Cynthia Hunt is bringing to Ladakh, 40 lanterns, each worth $40. ($2000. total). Gaden Relief will raise the money for this. Cynthia will decide, once there, which nunnery needs the lanterns the most. Cynthia is familiar with this area as she works there often. The lanterns are made locally in Ley. They are solar-powered. Cynthia wants John to train the nuns in the use of solar panels. Rinpoche will visit the nunneries we sponsor to see what they need and to see whether the nuns can share the total of the lanterns.

On this call the question of fundraising for the Zangskar Nunnery Project came up. We have no slides to put on a slide show for example. It was decided that this trip constituted more of a “scouting” trip to see what was needed and how to proceed, thereupon we can look at the issue of fundraising.

There is a couple living in Canmore, Alberta, that makes solar panels and they are going to this area to do charity work. John, however, believes it makes the best sense, pragmatically, to buy the panel, the tools and their warranties in India.

John’s wife is to collect eyeglasses, mittens, hats and vitamins for the trip in order to help with the set-up of a medical clinic.

There was talk of Cynthia getting her money through a North American NGO and that we pay her for the equipment used and plane tickets. However, it was felt and agree that, in our first year of operation as a new organization, under Canadian government scrutiny, that we can’t take any chance of indulging in any ambiguity with groups or people we don’t know, lest it look suspicious or call for an audit.

C. Mongolia Project

Rinpoche will visit Mongolia in Sept. 2008.

He is going to look into the Delgeruun Choira Gobi Temple Projects to see what is needed next. The Board can always wire him money to the bank in Ulan Bator if he needs it.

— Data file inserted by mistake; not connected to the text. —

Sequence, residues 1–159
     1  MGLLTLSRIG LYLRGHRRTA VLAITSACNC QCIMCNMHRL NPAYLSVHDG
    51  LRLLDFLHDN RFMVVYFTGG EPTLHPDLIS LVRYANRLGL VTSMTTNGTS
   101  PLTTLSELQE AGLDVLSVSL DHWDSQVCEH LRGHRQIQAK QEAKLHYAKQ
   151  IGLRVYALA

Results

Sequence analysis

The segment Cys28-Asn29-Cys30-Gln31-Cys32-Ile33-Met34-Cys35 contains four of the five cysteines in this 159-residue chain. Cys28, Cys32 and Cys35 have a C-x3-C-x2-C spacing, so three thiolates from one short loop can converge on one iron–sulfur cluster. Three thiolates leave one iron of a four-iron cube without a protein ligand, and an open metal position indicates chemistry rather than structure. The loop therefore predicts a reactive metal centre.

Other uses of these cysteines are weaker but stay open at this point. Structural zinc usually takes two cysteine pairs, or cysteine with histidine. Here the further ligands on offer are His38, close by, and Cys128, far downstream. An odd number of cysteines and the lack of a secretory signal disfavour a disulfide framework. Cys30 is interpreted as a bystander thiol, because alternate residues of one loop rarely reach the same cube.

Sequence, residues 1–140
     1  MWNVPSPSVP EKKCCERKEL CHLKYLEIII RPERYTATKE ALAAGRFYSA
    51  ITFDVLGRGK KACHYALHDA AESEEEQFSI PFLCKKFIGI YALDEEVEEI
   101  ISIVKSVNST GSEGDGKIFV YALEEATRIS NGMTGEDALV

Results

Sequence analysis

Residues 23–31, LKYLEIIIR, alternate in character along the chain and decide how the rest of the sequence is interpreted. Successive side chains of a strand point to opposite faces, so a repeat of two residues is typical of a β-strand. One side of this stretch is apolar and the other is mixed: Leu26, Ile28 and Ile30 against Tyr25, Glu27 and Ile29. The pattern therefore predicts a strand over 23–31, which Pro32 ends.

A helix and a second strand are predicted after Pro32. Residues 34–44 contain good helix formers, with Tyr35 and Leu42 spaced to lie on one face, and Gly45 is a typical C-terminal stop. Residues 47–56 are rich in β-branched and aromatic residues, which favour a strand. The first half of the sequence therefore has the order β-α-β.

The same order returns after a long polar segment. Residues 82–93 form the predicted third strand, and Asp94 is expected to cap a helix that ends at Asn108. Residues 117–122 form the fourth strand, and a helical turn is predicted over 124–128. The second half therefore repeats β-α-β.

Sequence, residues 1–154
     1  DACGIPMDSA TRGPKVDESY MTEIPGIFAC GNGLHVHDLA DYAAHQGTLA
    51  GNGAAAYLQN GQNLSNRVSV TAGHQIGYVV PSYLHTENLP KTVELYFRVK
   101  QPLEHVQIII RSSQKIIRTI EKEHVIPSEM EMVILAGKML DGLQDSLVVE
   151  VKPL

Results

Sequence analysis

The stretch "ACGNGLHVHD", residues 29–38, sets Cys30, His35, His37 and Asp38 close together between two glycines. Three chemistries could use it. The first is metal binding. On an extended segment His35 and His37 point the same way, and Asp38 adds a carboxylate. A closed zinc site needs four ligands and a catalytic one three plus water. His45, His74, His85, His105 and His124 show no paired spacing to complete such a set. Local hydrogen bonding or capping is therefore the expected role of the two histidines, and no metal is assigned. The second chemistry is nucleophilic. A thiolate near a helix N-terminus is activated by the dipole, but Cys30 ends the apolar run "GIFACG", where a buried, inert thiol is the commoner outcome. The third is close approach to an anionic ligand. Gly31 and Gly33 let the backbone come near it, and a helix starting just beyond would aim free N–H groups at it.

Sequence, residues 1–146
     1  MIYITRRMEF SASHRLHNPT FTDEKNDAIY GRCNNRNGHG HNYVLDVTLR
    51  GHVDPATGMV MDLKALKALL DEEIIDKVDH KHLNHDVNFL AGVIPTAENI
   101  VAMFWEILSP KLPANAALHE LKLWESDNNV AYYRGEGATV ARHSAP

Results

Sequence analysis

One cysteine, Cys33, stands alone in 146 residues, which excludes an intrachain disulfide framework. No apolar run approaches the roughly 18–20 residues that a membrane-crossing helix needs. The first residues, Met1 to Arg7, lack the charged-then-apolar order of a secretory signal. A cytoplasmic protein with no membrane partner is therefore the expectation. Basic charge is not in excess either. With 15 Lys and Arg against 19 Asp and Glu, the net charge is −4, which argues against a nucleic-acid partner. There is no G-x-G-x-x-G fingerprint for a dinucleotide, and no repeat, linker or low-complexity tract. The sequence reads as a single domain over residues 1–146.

Right now it looks as if the Gobi temple is being well funded by Korean patrons who are raising money to build a four-storey temple and plant a number of new trees in the surrounding grounds.

On the whole, in regards to the future aims of GRP Mongolia Project, the Board will wait for more information from Rinpoche when he returns.

D. Zadoh Project

During this teleconference, due to the uncertainty and difficult political situation presently taking place in Tibet, The Board formally decided to postpone any trip to Zadoh till 2009. Our newsletter will inform our members of this fact but in a way that is diplomatic and not overtly political. It will also state that their donations will be held in trust until the following yearly visit.

Gaden Relief’s doctor friend with Rogpa organization, Isaac, could take and distribute our money to Tashi Lapug monastery and Jamseng Health Care Clinic. This could prove to be a long-term strategy to getting our donations to Tibet if the political unrest there continues. Also, Rinpoche could get his brother to set up a Gaden Relief bank account in Yushu to which we could wire money for our projects.

There was discussion about our involvement with Bodhi organization, which provides medical care, whether their organization has a political stance in regards to the recent events in Tibet and whether this could effect or jeopardize Gaden relief in any way. The Board decided to quickly and formally look into their guidelines just to make sure.

[Minutes prepared by Matthew Richards]